SSI Water Council Society, in partnership with Islands Trust, supported the thesis work of Simon Fraser University graduate student Isabelle Larocque focussing on “The Hydrogeology of Salt Spring Island” under the supervision of Dr. Diana Allen.
We are pleased to invite you to attend a public meeting of the Water Council Society for an account of finished and future work presented by Professor Allen and her research team.
When: at 2 pm on January 27, 2015
Where: at the Fritz Theatre.
We hope to see you there. This meeting is open to the public, so please feel free to circulate this information.
Link to: Thesis summary by Dr. Diana Allen (PDF)
Isabelle Larocque’s 255 page thesis, with 34 tables and 85 figures, focusses on assessing the sensitivity of our island coastal aquifer to stressors that include sea level rise, changes in precipitation, and development related to pumping from wells. This work is a continuation of research by Dr. Allen into the groundwater hydrology of the Gulf Islands. The research gives us new quantitative data on which to base planning for future demands on our water resource. Findings from the thesis work include:
- The aquifer on Salt Spring Island consists of a network of fractures in sedimentary rocks of the Nanaimo Group in the north part of the island and fractures in older granitic, volcanic, and sedimentary rocks in the south part of the island.
- Recharge of the groundwater is entirely through precipitation and the chemistry of the water is the result of chemical interaction between the rocks and the water. Ion exchange reactions involving sodium and calcium dominate in the Nanaimo rocks, but not in the older rocks of the south end.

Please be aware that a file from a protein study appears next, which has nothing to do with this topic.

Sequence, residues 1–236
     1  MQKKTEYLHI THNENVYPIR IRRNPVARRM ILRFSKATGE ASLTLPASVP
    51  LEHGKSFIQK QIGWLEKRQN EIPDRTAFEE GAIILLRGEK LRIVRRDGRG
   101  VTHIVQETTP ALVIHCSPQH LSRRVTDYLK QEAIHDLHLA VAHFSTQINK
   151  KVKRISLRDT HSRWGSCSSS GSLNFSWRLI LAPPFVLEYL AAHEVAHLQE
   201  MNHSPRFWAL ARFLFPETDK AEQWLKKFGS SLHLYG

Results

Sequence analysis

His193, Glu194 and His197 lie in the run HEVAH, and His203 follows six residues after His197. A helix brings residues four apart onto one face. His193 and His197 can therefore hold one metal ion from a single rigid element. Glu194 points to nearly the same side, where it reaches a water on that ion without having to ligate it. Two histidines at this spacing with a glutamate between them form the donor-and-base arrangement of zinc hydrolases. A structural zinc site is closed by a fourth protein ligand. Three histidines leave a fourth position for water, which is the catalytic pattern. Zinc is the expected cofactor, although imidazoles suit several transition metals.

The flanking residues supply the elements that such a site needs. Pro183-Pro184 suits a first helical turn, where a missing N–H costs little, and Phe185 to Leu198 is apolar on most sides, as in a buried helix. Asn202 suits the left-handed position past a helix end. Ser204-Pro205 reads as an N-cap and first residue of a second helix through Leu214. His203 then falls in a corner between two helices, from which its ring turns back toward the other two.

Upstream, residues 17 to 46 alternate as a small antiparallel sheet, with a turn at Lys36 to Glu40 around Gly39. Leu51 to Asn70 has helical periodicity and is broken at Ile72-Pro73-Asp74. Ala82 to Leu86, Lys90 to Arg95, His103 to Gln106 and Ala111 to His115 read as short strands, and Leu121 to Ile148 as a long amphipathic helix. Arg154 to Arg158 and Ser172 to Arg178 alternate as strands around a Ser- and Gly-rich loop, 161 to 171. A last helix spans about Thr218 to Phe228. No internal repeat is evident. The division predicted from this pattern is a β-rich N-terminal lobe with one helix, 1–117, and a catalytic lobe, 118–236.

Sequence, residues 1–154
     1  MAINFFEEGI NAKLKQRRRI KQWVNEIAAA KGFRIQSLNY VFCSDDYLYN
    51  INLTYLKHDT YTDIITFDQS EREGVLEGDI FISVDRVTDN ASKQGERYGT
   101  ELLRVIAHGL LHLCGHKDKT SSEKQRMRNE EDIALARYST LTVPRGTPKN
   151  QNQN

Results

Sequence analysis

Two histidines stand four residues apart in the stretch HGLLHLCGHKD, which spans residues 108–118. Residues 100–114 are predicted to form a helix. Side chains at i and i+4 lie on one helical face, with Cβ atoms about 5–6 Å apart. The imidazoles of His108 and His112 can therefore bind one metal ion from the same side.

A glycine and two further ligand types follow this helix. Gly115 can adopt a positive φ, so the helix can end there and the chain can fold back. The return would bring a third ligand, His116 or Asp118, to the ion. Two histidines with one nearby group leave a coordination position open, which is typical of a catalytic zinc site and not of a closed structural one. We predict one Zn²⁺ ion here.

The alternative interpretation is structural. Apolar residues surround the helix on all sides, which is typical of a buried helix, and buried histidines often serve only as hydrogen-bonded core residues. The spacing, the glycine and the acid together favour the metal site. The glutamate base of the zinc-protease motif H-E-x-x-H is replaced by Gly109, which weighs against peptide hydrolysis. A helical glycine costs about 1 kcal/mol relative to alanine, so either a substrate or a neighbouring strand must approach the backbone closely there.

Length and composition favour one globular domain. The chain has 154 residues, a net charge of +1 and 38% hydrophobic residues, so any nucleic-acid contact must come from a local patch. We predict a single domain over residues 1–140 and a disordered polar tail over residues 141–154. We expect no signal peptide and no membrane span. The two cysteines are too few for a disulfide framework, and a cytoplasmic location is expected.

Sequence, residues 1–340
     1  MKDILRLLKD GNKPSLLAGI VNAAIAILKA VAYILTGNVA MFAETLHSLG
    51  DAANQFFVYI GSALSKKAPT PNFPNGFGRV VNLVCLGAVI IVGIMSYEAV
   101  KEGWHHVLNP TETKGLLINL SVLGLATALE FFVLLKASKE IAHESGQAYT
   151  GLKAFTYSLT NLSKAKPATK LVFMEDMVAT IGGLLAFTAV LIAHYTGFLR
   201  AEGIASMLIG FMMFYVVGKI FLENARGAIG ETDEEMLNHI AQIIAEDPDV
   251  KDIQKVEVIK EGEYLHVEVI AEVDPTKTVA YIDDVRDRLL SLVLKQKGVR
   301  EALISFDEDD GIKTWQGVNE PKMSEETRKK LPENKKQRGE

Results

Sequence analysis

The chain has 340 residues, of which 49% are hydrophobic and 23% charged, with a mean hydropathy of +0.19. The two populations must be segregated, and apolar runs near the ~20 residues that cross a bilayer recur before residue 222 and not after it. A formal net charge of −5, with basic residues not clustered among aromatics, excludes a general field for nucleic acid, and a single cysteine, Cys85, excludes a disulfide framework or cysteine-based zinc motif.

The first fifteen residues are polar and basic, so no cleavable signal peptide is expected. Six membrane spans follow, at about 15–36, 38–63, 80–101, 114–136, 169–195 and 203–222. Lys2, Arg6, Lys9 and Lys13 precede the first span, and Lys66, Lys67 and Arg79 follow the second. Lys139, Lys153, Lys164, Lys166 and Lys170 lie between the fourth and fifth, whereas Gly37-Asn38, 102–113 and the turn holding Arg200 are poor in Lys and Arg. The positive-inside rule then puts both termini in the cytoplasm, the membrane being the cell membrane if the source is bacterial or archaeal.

- Discharge of the precipitation is achieved by surface runoff, evaporation, subsurface flow of groundwater to the sea, and by pumping. The overall distribution of groundwater flow is outlined from an analysis of water table data from wells and shows island-scale groundwater and flow directions. These are controlled mainly by topography. Future studies of the useable quantity of water on the island will be aided by this island-scale analysis.
- Pump tests on Salt Spring Island are analysed, including results from other Gulf Islands and combined with analysis of well responses to tidal fluctuations to determine representative hydraulic properties of the aquifer. Average hydraulic properties are summarised and it is interesting that the properties on Salt Spring Island are similar to those on the other islands and that they are not widely different for the different rock types. This suggests that properties derived for Salt Spring Island may be of wide application and that future hydrologic modelling will be a promising avenue to pursue. The tables of data constitute a valuable resource for future work.
- The effect of tidal variation on groundwater flow was studied using the Swan Point area near Booth Canal and a combination of numerical modelling and calibration from existing well data. An interesting and unexpected result has been that the salt-fresh interface is steep in this area of high topographic relief but that strong pumping may result in salt intrusion. Areas of low topographic relief may still have a shallow saltwater lens at depth.
In summary, the research provides solid new data on the hydrologic properties of Salt Spring Island aquifers, it provides an island-wide model of the general behaviour of the island’s groundwater, and assesses the potential future effects of sea level rise. The fresh-salt interface is shown to be steep in areas of high topographic relief and is expected to be shallow in areas of low relief.
The Water Council Society is grateful to the LTC for their support of this research and particularly grateful to Professor Allen for her continuing work in the Gulf Islands and on Salt Spring Island particularly.